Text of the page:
Monday, May 26, 2014

Don't Blink

We have previously considered the narrow slice of time in which an importer can file a protest against the exclusion of merchandise by Customs and Border Protection. That opportunity dissolves if Customs seizes the merchandise before the case is brought before the United States Court of International Trade. See here and here for prior discussions on this topic.

In Blink Design, Inc. v. United States, the Court of International Trade had to decide whether the merchandise had been seized and, if so, whether that seizure occurred before the case was properly before the court.

The background is interesting and hints at possible shenanigans by the importer leading to fairly strong action by CBP. The triggering circumstance for this case is that CBP discovered that containers of imported wearing apparel were found to contain approximately twice the quantity of merchandise as was shown on the invoices and declared to CBP. To Customs, that might look like an attempt to smuggle clothing into the U.S. On the other hand, it might also be a mistake. As the wise person (probably Robert Heinlein) once said: "Never ascribe to malice that which is adequately explained by stupidity."

Attempting to fix the apparent mistake, the importer secured new invoices and tried to correct the entries via the Post Entry Amendment process. Customs returned the PEAs and did not release the merchandise. Dates will become important in what follows.

When Customs failed to release the merchandise within 30 days, it was legally deemed to be "excluded." That happened on various dates in December 2013 and January 2014. An exclusion, even if by operation of law, is a protestable event. Recognizing that state of affairs, the importer protested the exclusions on December 30, 2013. Between December 6, 2013 and January 2, 2014, Customs actually seized the merchandise on the grounds that the entries "were used to facilitate the importation of the wearing apparel . . . that was attempted to be clandestinely introduced" into the U.S. Customs sent notices of those seizures between December 20, 2013 and January 16, 2014. Customs then denied the protest on January 15, 2014 and the importer filed the case in the Court of International Trade on January 28, 2014. Got all that? I'll wait why you re-read it.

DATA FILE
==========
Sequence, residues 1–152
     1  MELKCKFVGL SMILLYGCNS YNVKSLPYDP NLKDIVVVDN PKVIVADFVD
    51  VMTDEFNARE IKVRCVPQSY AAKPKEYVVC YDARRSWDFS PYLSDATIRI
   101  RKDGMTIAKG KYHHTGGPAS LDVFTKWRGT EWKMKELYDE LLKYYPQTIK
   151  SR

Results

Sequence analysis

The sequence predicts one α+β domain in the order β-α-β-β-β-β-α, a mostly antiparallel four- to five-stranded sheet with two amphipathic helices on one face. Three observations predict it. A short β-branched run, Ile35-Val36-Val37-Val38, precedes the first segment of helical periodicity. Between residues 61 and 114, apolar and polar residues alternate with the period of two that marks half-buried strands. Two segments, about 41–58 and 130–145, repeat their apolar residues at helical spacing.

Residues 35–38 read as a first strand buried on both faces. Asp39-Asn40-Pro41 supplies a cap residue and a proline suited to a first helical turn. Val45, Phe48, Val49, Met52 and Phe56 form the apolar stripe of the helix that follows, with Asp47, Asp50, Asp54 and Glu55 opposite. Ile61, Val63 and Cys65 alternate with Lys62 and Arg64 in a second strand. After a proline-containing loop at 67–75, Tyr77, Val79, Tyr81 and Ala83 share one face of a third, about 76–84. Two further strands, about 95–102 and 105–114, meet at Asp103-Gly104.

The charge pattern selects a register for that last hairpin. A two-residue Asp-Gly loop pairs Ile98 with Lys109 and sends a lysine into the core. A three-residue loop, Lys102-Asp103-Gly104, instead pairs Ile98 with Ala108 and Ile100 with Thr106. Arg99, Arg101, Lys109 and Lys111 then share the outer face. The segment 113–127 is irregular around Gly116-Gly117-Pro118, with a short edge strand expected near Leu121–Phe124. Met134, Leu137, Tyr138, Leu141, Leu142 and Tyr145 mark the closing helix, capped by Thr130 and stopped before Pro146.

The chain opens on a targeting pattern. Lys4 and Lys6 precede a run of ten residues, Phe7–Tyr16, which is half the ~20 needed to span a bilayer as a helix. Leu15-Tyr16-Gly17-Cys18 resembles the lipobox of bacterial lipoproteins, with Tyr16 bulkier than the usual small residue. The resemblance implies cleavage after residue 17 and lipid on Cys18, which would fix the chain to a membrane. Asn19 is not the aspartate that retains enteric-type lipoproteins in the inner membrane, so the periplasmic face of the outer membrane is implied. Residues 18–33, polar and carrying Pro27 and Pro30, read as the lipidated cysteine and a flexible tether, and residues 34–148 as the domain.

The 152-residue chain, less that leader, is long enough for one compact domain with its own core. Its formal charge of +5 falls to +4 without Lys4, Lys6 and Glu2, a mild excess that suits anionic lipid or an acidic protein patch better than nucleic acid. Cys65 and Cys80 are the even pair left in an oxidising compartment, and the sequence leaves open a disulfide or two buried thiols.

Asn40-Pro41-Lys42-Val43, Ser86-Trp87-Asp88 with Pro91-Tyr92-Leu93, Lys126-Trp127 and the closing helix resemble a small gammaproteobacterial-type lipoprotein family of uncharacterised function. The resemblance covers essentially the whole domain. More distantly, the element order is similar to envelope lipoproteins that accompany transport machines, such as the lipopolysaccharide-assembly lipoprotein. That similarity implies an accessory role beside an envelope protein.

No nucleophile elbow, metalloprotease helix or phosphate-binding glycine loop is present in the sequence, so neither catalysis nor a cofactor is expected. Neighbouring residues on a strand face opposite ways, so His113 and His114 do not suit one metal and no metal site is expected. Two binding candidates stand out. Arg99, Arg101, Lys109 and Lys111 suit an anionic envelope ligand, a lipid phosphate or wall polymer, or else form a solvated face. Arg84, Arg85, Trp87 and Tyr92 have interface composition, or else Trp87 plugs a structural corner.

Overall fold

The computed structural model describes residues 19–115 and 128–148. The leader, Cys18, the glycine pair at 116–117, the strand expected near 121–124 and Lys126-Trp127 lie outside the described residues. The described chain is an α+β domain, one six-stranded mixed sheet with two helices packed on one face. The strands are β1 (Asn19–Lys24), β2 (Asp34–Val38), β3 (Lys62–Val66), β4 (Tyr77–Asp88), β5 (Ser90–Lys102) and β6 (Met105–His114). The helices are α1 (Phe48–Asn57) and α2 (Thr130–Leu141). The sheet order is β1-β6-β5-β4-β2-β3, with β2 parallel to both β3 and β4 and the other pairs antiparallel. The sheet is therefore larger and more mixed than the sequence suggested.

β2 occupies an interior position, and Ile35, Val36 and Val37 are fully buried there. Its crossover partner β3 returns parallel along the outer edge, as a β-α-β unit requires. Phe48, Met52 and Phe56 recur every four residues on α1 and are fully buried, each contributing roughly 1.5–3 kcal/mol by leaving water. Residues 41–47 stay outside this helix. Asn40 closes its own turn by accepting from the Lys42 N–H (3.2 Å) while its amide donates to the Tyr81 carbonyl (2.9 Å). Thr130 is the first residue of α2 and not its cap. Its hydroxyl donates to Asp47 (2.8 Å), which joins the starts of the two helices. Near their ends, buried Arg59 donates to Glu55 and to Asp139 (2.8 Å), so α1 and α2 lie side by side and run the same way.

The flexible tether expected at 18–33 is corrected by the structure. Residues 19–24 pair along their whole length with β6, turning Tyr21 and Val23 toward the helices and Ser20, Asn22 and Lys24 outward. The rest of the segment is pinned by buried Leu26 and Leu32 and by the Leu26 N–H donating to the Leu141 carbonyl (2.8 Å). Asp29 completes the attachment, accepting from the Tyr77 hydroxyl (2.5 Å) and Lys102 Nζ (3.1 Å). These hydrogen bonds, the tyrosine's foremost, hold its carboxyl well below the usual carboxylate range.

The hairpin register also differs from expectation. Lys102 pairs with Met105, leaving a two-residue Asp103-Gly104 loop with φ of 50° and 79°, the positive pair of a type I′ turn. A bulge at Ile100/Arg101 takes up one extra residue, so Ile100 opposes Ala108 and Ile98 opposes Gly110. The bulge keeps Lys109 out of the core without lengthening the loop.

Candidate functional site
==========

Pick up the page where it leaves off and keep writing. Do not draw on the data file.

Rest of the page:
The main issue here is when the goods were deemed excluded. That happens when CBP fails to release merchandise within 30 days of presentation to Customs for examination. So, that raises the question of when merchandise is presented to Customs for examination. Blink believes that happens at the time of entry and the filing of the CF 3461. According to Blink, that is when Customs makes the decision whether the goods should be detained or further inspected. This makes some sense because, as Blink argued, "presentment" must happen for all merchandise entering the U.S., not just merchandise Customs decides to inspect. Customs, on the other hand, believes presentment happens when the goods are delivered to the CES for examination.